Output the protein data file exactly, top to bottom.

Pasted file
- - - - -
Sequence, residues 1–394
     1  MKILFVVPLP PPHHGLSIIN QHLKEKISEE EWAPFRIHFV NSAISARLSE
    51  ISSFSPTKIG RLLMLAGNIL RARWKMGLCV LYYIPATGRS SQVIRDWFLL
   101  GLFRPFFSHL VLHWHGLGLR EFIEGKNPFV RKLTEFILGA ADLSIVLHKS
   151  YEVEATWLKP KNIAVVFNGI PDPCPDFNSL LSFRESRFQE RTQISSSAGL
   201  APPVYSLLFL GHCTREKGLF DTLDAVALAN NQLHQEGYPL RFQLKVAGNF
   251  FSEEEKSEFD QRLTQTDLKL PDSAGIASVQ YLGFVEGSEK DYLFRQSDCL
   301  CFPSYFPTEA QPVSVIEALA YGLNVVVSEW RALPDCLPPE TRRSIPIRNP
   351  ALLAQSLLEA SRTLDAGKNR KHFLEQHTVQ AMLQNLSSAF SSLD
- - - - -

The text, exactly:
Sequence, residues 1–394
     1  MKILFVVPLP PPHHGLSIIN QHLKEKISEE EWAPFRIHFV NSAISARLSE
    51  ISSFSPTKIG RLLMLAGNIL RARWKMGLCV LYYIPATGRS SQVIRDWFLL
   101  GLFRPFFSHL VLHWHGLGLR EFIEGKNPFV RKLTEFILGA ADLSIVLHKS
   151  YEVEATWLKP KNIAVVFNGI PDPCPDFNSL LSFRESRFQE RTQISSSAGL
   201  APPVYSLLFL GHCTREKGLF DTLDAVALAN NQLHQEGYPL RFQLKVAGNF
   251  FSEEEKSEFD QRLTQTDLKL PDSAGIASVQ YLGFVEGSEK DYLFRQSDCL
   301  CFPSYFPTEA QPVSVIEALA YGLNVVVSEW RALPDCLPPE TRRSIPIRNP
   351  ALLAQSLLEA SRTLDAGKNR KHFLEQHTVQ AMLQNLSSAF SSLD